A Familiar Tale

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It was the daily routine: wake, dress, pop a handful of pills, and then slowly make the way out the door.    Each morning begins with the same question, what is the day going to hold?   Not daring to look back or forward, she focuses to stay in the moment – life at age 55 could be so much better but she realizes it could also be worse.  She wanders home after being out for the day, feeling the stress through her legs, torso and up into the brain.   Life is sure a challenge living with MS.  She eases into the routine of taking more pills, selecting a spot on her weary body for the next injection, and pauses to think how much better life could be if it weren’t for this damn multiple sclerosis.  Physically spent, she drops heavily into her favorite chair and the fatigue washes over her.  Almost instantly, she falls into a heavy sleep.

 

When she awakens, it’s with the usual sluggishness that tells her the body is again under the spell of MS and awaiting the next pharmaceutical jolt to get moving for the day.  She reaches to the table beside her and is immediately gripped by panic  –  Where are the pills?  Her home has a lineup of bottles and elixirs and syringes, all in order and serving a purpose – although not perfect, these medicines slow the progression of her MS and keep her moving. Where are they now??

 

She tries to stand but can’t move – looking down, she is gripped with confusion because she is not in her favorite easy chair but seated in a wheelchair.  How could this have happened ?  She was taking her medicines and although life with MS was a struggle, she was still functioning.  Why was she no longer moving on her own?  She releases the brake and wheels herself across the room and catches sight of a reflection in the mirror – it is a younger vision of herself, possibly no older than 25.  She is confused and spins around to head the other direction and is faced with a calendar hanging on the wall open to 1985. How could that be?  Slowly it occurs to her that she’s no longer in the present, but has somehow slipped into an era where there were no treatments for MS and people were left to languish, destined to finish the final years of their  lives in wheelchairs or worse.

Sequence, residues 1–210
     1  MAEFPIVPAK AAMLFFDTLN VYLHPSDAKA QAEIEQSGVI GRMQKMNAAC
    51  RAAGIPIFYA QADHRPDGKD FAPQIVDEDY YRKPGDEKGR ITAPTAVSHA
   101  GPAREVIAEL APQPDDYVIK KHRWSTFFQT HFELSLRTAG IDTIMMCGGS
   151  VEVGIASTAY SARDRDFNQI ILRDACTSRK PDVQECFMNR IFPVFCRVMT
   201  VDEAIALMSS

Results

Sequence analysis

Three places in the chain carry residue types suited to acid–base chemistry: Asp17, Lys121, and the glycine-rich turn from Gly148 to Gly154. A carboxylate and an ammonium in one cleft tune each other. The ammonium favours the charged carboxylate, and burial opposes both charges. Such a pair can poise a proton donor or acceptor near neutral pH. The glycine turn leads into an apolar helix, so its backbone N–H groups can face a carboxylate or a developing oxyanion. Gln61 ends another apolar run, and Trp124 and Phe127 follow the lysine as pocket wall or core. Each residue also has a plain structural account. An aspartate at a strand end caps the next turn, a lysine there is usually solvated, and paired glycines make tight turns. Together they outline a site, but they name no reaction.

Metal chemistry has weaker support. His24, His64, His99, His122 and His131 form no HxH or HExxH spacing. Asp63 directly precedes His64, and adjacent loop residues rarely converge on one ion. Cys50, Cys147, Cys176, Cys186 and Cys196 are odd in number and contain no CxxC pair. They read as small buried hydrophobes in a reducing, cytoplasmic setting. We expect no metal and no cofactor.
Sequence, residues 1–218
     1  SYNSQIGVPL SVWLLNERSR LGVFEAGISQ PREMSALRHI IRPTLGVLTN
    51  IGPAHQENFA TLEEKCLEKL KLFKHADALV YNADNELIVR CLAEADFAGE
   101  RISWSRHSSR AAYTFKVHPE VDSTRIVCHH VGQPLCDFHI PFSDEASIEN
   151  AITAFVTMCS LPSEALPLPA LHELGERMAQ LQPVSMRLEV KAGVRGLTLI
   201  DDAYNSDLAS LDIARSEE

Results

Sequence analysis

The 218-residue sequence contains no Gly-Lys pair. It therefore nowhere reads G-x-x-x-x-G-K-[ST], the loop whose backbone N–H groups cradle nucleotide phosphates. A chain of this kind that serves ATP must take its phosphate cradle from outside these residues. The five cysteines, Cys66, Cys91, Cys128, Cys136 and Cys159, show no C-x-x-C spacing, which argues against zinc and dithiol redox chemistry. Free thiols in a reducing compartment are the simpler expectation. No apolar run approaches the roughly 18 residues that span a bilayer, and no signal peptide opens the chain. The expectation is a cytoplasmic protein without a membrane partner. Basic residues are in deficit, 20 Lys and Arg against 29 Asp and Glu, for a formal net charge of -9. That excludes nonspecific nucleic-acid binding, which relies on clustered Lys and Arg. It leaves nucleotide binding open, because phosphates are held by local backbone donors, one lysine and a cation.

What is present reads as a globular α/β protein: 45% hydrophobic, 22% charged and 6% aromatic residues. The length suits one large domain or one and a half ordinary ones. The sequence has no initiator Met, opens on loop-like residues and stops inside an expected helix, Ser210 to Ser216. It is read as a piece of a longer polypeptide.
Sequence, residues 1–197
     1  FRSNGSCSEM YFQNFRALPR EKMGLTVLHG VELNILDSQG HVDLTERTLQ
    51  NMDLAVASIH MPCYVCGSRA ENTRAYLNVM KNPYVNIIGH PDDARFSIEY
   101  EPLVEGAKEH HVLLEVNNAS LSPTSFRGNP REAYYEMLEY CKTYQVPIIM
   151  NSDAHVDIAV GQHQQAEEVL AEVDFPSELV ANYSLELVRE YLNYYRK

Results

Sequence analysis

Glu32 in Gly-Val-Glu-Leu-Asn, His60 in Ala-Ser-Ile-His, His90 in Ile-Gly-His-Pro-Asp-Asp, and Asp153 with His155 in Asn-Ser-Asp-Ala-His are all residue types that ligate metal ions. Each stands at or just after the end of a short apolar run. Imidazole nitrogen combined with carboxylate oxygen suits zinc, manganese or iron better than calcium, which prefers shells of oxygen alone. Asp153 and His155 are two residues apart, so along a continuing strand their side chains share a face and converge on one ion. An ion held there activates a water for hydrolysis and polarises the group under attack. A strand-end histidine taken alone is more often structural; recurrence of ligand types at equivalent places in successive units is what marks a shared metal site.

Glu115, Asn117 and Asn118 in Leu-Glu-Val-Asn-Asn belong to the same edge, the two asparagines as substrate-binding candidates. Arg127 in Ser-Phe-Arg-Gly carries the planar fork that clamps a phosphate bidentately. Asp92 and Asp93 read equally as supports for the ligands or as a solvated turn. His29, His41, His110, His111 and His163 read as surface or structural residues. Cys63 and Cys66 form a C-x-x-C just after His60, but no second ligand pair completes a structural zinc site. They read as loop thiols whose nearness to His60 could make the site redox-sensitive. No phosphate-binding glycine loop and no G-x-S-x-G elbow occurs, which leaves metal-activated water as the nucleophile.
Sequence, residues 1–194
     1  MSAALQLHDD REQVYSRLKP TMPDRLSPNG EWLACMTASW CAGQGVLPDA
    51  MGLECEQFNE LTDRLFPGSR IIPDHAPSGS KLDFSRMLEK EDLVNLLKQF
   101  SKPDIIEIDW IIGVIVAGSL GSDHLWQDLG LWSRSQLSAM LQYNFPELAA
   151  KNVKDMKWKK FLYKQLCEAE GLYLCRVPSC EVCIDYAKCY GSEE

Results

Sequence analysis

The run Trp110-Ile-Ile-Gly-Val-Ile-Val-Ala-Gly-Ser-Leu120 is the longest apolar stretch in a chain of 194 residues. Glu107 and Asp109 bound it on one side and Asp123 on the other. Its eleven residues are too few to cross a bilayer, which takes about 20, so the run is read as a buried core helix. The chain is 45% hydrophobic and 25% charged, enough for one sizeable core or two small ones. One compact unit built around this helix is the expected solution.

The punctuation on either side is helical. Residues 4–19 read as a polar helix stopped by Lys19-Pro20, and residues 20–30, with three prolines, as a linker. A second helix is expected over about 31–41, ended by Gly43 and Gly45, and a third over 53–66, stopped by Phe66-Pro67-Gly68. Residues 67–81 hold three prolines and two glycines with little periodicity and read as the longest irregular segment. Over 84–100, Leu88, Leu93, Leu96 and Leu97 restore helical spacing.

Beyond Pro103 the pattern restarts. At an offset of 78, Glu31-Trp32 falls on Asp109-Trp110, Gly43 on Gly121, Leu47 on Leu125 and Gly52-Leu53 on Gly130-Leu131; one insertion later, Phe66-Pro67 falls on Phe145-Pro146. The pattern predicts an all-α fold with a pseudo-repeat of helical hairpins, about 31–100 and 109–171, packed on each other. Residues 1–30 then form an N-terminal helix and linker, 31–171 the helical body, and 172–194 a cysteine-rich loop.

She closes her eyes and feels the anguish of helplessness well up inside – at least in her present day there were options with disease modifying therapies.  Here there is nothing but a feeling of hopelessness.  She closes her eyes, and drops her head back, thinking of how someday things  will be different.   Surely a cure can’t be that far away, can it?

 

She allows herself to be lured into that almost unthinkable  thought – a world without Multiple Sclerosis – and startles to find herself whole, as if stepping out of a cloud onto a movie set.  Everything’s perfect, including her body, except for the added years. She may have aged, but she immediately recognizes she hasn’t felt this strong and connected in decades.  How could this be? She grabs a nearby computing device and quickly searches and finds that MS has been cured.  Ways to remyelinate the body were discovered in labs, a vaccination was developed, the cause of MS was found and the risk eradicated, and no one will contract this disease again.   Overjoyed, but also perplexed, she wonders how could this have possibly happened?

 

Reading beyond the headlines, she finds the answer –  Just as brave people with MS had offered themselves for trials to study ways to treat MS, the next generation of forward thinking people gave even more – they gave their history, their samples and their ideas, and together formed the big data that allowed researchers to deconstruct MS once and for all.   She’s left smiling with gratitude to the people who made the evolution of MS care possible.

 

Yes, this is a Dicken’s of a tale, but not so unimaginable.  Multiple Sclerosis research of the present, past and future is shaped by people living with MS. When we commit our time and resources to help, we build on what others have contributed to help move closer to a world free of MS.   Join me in sharing your MS history and ideas at https://iconquerms.org , the gateway to our future and the time when a cure is found.  Don’t wait until tomorrow – do it today!

 

Wishing you well,

Laura